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This article in JEQ

  1. Vol. 41 No. 1, p. 229-241
    Received: Aug 15, 2011

    * Corresponding author(s): caroline.vandersalm@wur.nl


Water and Nutrient Transport on a Heavy Clay Soil in a Fluvial Plain in The Netherlands

  1. Caroline van der Salm *a,
  2. Antonie van den Toorna,
  3. Wim J. Chardona and
  4. Gerwin F. Koopmansab
  1. a Alterra, Wageningen Univ. and Research Centre (WUR), P.O. Box 47, 6700 AA Wageningen, The Netherlands
    b Dep. of Soil Quality, Wageningen Univ., WUR, P.O. Box 47, 6700 AA, Wageningen, The Netherlands. Assigned to Associate Editor Carl Bolster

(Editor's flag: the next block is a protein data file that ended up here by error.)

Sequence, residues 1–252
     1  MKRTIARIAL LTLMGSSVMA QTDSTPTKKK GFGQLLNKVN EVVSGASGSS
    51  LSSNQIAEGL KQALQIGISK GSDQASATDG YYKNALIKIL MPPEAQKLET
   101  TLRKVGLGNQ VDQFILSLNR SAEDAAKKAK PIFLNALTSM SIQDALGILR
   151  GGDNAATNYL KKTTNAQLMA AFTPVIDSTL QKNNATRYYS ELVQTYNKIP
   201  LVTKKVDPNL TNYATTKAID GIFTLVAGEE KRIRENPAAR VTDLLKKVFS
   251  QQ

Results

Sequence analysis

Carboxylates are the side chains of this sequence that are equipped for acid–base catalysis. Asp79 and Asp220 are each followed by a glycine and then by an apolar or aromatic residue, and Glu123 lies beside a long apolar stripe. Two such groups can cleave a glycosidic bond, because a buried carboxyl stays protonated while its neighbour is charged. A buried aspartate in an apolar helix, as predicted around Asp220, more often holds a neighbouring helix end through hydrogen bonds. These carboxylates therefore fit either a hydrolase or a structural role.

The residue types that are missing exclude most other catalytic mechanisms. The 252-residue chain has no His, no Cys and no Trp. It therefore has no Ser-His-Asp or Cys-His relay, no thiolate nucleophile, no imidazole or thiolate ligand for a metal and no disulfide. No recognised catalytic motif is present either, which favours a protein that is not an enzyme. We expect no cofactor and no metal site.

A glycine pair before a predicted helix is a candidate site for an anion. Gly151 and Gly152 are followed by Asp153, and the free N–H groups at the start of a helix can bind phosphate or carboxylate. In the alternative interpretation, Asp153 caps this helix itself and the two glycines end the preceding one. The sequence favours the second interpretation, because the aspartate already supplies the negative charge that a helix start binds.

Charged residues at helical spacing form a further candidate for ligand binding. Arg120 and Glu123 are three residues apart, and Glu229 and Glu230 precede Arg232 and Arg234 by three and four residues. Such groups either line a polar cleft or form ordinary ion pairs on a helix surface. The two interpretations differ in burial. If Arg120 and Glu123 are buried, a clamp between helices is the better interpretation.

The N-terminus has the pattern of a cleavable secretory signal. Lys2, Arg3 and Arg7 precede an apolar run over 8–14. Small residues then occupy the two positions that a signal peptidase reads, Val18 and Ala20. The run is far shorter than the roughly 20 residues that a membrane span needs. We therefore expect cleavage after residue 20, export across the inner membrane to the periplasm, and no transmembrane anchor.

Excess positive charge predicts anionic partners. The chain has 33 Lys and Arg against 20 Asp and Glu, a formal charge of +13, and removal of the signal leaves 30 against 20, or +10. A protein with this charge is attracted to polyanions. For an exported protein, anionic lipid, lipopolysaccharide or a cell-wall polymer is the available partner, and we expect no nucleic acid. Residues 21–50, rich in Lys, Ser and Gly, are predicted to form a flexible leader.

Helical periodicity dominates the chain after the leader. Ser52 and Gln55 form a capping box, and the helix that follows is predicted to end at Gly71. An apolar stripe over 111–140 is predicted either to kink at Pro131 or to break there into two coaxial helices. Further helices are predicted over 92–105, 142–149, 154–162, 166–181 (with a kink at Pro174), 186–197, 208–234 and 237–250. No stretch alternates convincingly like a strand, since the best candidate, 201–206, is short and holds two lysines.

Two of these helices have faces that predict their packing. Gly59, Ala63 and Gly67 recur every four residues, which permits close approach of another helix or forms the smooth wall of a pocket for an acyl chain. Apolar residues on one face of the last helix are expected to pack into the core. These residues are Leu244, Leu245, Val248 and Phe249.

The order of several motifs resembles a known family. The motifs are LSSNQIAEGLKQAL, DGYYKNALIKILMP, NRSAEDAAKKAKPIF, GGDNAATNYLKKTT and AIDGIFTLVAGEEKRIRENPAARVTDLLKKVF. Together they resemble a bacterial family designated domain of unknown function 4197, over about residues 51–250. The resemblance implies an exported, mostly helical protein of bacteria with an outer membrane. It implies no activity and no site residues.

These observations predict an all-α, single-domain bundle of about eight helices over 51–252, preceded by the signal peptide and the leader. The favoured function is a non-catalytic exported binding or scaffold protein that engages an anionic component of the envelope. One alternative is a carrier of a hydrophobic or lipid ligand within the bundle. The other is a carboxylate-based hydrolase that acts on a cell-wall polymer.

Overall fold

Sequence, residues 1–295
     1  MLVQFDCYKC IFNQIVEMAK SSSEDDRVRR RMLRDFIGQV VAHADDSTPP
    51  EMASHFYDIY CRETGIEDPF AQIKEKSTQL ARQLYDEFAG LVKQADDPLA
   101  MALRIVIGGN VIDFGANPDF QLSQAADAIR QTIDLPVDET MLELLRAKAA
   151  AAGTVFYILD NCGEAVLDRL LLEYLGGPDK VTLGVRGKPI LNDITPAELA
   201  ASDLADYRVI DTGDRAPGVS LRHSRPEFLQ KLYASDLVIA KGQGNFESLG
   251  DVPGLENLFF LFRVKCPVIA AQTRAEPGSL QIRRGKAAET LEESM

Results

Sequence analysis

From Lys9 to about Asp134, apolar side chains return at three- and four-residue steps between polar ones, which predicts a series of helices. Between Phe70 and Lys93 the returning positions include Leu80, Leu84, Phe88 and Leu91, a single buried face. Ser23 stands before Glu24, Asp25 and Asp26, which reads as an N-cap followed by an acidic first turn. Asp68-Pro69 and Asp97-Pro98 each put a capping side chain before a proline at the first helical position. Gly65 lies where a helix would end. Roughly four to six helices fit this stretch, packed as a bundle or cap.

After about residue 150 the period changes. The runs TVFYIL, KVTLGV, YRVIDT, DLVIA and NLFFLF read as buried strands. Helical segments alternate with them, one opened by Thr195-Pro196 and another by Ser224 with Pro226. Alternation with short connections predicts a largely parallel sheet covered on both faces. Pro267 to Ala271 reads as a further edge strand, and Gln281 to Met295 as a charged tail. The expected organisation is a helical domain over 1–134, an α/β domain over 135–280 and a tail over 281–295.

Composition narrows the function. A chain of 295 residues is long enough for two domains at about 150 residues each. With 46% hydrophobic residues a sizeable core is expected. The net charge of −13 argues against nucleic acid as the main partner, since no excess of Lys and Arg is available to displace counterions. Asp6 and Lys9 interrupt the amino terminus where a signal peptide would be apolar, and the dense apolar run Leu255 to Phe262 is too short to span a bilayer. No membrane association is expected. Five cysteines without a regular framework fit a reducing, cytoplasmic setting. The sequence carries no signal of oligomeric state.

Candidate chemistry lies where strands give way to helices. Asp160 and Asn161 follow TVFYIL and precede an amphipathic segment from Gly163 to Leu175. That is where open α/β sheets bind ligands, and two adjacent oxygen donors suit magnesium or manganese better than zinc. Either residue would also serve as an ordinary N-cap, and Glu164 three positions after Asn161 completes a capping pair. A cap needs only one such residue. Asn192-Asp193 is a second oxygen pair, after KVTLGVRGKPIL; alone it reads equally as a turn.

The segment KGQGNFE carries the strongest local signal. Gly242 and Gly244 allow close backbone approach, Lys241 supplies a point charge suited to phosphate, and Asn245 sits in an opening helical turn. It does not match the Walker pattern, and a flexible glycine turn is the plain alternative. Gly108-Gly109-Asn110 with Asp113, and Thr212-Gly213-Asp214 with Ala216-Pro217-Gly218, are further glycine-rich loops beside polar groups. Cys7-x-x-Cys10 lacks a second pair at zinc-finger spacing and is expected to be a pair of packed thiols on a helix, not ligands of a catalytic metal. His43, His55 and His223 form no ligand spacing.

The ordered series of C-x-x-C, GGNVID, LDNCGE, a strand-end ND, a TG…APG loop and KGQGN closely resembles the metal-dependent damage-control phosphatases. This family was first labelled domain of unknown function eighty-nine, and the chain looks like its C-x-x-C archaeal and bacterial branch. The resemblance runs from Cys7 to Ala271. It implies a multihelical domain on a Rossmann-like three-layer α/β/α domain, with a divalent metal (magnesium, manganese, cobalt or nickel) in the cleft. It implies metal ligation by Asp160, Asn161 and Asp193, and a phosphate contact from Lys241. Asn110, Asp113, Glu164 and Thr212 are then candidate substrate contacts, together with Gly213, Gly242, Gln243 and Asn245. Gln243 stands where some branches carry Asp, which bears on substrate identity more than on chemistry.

In flat areas, transport of dissolved nutrients by water through the soil matrix to groundwater and drains is assumed to be the dominant pathway for nutrient losses to ground- and surface waters. However, long-term data on the losses of nutrients to surface water and the contribution of various pathways is limited. We studied nutrient losses and pathways on a heavy clay soil in a fluvial plain in The Netherlands during a 5-yr period. Average annual nitrogen (N) and phosphorus (P) losses to surface water were 15.1 and 3.0 kg ha−1 yr−1, respectively. Losses were dominated by particulate N (50%) and P (70%) forms. Rapid discharge through trenches was the dominant pathway (60–90%) for water and nutrient transport. The contribution of pipe drains to the total discharge of water and nutrients was strongly related to the length of the dry period in the preceding summer. This relationship can be explained by the very low conductivity of the soil matrix and the formation of shrinkage cracks during summer. Losses of dissolved reactive P through pipe drains appear to be dominated by preferential flow based on the low dissolved reactive P concentration in the soil matrix at this depth. Rainfall occurring after manure application played an important role with respect to the annual losses of N and P in spring when heavy rainfall occurred within 2 wk after manure application.

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